The Fast Diet is also known as the 5:2 Diet or the Intermittent Fasting Diet, and it’s caused a big stir in the diet and nutrition worlds. For help with all the facts on this diet, I turned to expert Celia Brooks, author of 5:2 Vegetarian and the 5:2 blog. Celia uses the diet herself, and finds it easy to follow even though she is a chef, food writer, and owner of a London gastrotour company. She answered the most common questions people have about the diet and shared all the essential figures of the diet with us.
1. Fast Diet: What is the 5:2 Diet?
This diet, also known as the Intermittent Fasting Diet (IF), has taken the UK by storm and is rapidly spreading throughout the world as people embrace its sustainable success.
The idea is that you eat normally and healthily but without counting calories, for 5 days a week, and then “fast” for 2 days a week.
The diet emerged onto the British scene in 2012 with a BBC Horizon documentary presented by Dr Michael Mosley called Eat, Fast, and Love Longer.
2. Fast Diet: Does That Mean You Don’t Eat for 2 Whole Days?
No, you don’t starve for two days a week. You choose which 2 days per week are your fast days (non-consecutive or back to back – whatever works for you) and you choose what you want to eat, taking care to count the calories so that you don’t consume over 500 / 600 on those days, which is roughly 25% of your normal calorie intake.
Some people opt for two meals a on fast days at roughly 250 cals each; others just eat one meal and spend their whole quota; it’s whatever works for the individual.
3. What Foods You Can Eat on a 5:2 Diet Fasting Day
Pretty much all veggies are permitted as they are so low-cal, especially non-starchy ones like:
These are usually paired with lean protein like:
steamed fish or chicken
Wise choices are lots of low-calorie vegetables and lean protein, avoiding high-cal carbs and alcohol. It makes sense to get your calories from food only so you can fill up on that rather than wasting your quota on sugary drinks, soda, juice etc.
Drinking lots of water and unsweetened herbal tea through the day helps keep hunger at bay and is essential for staying hydrated, as we do get a surprising amount of water from food, which is significantly reduced on those two days.
4. Intermittent Fasting and Weight Loss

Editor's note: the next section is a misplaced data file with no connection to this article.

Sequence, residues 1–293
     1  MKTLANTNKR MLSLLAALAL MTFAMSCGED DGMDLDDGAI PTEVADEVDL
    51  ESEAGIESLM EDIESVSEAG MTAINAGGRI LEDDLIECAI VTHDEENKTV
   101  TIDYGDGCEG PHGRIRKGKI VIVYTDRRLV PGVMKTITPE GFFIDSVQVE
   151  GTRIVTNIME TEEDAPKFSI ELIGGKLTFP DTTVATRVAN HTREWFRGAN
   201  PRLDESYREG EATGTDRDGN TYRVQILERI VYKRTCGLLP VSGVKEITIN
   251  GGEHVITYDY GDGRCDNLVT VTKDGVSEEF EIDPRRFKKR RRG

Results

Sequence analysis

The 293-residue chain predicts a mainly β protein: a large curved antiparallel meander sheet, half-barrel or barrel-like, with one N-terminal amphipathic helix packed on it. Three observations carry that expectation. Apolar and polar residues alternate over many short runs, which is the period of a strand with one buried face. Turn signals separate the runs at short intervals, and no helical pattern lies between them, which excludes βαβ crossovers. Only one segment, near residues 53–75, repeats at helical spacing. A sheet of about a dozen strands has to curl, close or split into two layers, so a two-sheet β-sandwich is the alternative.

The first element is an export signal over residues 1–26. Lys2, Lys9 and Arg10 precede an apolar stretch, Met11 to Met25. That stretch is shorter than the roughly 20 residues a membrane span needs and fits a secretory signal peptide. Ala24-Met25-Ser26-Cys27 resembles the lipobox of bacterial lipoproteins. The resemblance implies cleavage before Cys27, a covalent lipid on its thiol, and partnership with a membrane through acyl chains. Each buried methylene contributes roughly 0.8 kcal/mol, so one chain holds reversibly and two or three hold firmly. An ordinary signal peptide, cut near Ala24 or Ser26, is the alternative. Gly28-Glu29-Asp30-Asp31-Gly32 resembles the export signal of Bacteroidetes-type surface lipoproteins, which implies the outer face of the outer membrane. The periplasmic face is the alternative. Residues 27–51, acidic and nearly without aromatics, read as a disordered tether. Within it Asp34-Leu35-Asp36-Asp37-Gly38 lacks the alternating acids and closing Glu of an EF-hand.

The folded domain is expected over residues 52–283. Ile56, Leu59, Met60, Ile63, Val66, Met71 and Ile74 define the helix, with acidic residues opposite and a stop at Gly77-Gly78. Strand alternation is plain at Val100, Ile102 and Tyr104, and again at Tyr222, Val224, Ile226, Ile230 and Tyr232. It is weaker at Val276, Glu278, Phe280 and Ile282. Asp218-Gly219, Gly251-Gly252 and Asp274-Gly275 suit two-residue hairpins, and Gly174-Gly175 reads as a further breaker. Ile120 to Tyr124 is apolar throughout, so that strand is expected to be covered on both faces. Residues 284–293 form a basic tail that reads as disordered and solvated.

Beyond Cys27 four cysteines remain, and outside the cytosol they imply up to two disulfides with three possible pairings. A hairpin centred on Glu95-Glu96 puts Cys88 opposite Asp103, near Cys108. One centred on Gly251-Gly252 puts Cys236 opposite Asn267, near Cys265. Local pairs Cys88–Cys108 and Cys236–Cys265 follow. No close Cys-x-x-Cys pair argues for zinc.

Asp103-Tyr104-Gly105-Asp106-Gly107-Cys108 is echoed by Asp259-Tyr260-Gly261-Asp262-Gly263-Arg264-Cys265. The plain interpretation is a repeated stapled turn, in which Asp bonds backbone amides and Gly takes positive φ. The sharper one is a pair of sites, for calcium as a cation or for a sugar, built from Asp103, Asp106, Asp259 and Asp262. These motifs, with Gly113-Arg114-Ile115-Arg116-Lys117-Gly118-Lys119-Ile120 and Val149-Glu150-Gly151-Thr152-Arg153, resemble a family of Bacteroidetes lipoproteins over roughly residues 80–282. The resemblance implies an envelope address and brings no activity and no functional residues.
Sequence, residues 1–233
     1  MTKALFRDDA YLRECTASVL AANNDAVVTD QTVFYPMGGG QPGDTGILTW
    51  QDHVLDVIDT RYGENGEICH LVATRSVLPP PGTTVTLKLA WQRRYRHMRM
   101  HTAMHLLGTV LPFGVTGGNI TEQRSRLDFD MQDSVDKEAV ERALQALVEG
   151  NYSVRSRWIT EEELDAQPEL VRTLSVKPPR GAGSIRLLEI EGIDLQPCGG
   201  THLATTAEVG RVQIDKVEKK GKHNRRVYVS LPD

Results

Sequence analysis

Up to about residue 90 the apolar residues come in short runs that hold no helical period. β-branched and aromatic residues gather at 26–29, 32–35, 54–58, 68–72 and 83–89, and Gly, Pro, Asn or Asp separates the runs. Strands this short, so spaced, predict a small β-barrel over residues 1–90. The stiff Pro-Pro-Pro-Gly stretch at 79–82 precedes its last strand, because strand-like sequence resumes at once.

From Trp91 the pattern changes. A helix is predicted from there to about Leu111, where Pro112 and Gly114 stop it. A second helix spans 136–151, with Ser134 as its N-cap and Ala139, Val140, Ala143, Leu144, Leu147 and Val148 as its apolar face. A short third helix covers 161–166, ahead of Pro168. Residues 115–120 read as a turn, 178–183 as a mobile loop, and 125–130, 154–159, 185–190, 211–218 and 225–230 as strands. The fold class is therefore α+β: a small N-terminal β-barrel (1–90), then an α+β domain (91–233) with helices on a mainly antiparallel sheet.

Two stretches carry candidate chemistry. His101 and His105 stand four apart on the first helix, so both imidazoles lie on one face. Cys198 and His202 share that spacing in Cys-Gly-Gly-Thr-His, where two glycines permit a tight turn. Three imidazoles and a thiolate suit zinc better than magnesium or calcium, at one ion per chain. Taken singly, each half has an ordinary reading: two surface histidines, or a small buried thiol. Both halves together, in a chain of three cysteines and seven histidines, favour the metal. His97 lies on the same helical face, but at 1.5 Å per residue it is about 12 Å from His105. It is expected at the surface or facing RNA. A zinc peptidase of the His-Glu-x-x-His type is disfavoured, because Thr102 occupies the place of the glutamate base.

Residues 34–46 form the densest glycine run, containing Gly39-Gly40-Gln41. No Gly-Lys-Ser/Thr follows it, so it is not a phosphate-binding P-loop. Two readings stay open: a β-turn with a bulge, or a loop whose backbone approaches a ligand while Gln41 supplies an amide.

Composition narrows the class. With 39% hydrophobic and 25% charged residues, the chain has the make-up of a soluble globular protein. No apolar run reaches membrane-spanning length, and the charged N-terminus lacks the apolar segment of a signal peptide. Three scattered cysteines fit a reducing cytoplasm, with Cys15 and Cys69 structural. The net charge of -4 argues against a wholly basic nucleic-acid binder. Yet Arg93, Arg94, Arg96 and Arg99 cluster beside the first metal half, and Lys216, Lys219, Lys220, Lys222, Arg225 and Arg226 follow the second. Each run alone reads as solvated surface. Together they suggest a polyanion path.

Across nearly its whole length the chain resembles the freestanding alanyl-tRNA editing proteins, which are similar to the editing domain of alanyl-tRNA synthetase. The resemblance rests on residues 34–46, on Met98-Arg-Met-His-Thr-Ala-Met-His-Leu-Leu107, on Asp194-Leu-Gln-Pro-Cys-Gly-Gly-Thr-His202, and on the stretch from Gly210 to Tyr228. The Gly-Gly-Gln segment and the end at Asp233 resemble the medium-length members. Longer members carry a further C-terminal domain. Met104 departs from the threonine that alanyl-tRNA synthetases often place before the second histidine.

Drastically reducing your calorie intake by 75% for 2 days a week will almost certainly lead to weight loss. It adds up to a total reduction of about 3500 calories per week which is equivalent to 1 lb. of fat, so many people find they lose 1 lb a week until they reach their ideal weight.
You will not keep losing weight indefinitely – once your weight stabilizes at a healthy level it can be maintained by doing “6:1” – eating a healthy normal diet every day and fasting for one day a week.
It is important not to overcompensate on non-fast days, though the occasional over-indulgence can be forgiven and there’s no need to feel guilty. If you are finding your fast day difficult, it helps to remember that tomorrow you can feast (within reason).
5. Is the Fast Diet (Intermittent Fasting) Healthy?
Many people find that they up their vegetable and water intake hugely on fast days, which is a real boon to general health. The key is that this diet is sustainable, because you can maintain a food-loving lifestyle for most of the week; it’s a way of life rather than a crash diet where you lose weight and gain it all back again as soon as you go back to your normal eating habits.
Apart from weight loss, studies have shown that it stimulates cell repair and healing, and that it lowers your risk of diseases including heart disease, diabetes and cancer. As with all diets, it’s a good idea to consult a doctor before starting, especially if you have any health issues.
Get Celia Brook’s book, 5:2 Vegetarian, on Amazon by clicking the cover: